To do this, my mom and I used a kitchen scale to measure each piece of dough, ensuring that each one weighed the same amount as all the others. We then needed to roll out our individual dough balls, once again ensuring that each one had the same exact length and width.
In order to do this, my mom and I used a tape measure to create a square-shaped stencil out of parchment paper. We then rolled out our dough so that it met the edges of our stencil, trimming any overhanging pieces with a paring knife as we went along. We then used a fork to poke holes into the dough to dispel any extra air that may have been trapped inside and brushed it with a little bit of whole milk for added moisture. We then repeated the entire process, three more times.
Next, we moved on to the baking portion of our recipe. Since the cake layers are pretty flimsy and thin, all the videos we had found advised us that the very best way to bake them was on top of an upside-down sheet pan or jelly roll tray. This slightly elevated height helps prevent your cake layers from browning too quickly or burning accidentally. Though we only needed to bake each layer for six to eight minutes, we needed to do so one at a time to avoid overcrowding the oven and inadvertently spreading out the heat disproportionately. Talk about working for your dessert!
Once our dough layers were fully baked and cooled, we then spread out our pudding mixture over each one, and stacked them one on top of the other. Though we had some cracks in three out of our four cake layers (which caused both my mom and I to each have a miniature meltdown), the pudding acted as a super glue of sorts and brought the whole thing back together. After about an hour of firming up in the fridge, we then covered our stacked cake with a blanket of decadent melted chocolate ganache and refrigerated it for a few more hours, until it was finally time to dig in.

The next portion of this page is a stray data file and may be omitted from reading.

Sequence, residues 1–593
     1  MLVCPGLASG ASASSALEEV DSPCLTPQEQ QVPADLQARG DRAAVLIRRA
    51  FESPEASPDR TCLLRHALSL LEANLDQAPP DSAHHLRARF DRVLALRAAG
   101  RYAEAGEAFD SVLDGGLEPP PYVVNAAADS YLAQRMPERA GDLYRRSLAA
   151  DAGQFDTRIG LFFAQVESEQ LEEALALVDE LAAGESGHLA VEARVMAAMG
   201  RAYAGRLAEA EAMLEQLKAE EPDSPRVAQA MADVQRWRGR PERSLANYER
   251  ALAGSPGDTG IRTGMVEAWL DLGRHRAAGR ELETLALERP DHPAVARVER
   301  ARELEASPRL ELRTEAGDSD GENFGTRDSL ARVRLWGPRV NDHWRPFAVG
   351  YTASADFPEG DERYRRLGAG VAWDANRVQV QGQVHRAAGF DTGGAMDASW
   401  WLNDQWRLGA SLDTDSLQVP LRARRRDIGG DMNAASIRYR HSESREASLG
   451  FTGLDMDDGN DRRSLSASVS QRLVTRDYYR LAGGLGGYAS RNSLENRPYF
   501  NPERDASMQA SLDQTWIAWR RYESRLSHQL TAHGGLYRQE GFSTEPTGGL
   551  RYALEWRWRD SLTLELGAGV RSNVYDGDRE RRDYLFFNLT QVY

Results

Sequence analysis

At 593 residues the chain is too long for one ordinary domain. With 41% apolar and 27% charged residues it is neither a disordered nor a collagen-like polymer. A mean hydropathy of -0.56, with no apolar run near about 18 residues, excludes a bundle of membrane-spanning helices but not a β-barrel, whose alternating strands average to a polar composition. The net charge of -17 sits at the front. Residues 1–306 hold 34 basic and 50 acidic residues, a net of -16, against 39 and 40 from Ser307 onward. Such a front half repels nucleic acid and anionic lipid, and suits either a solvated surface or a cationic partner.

Words cannot do justice in describing just how incredible that first bite of our homemade Mađarica was; I swear, in that one chocolaty bite alone I was transported back to my grandmother’s kitchen in Croatia. Yes, it was just as delicious as all the ones I’ve enjoyed while vacationing in Croatia throughout the years, and yes, I was super impressed with both myself and my mom. But most important of all, I realized just how much hard work, craftsmanship, love and tradition goes into making what on paper might seem like nothing more than your average chocolate cake. As both a kid and as an adult, I had scarfed down slice after slice of this crumbly treat without actually appreciating it; now after nearly 6-plus hours of mixing, measuring, stacking, baking, filling and refrigerating, I could see for myself that it was more than just a yummy dessert, it was an important part of my own unique heritage and culture.
Though I’ll probably wait until a major holiday comes around to make it a second time, one thing's for certain — I’ll never take eating a slice of Mađarica, or being able to enjoy it with my all my Croatian family members, for granted ever again.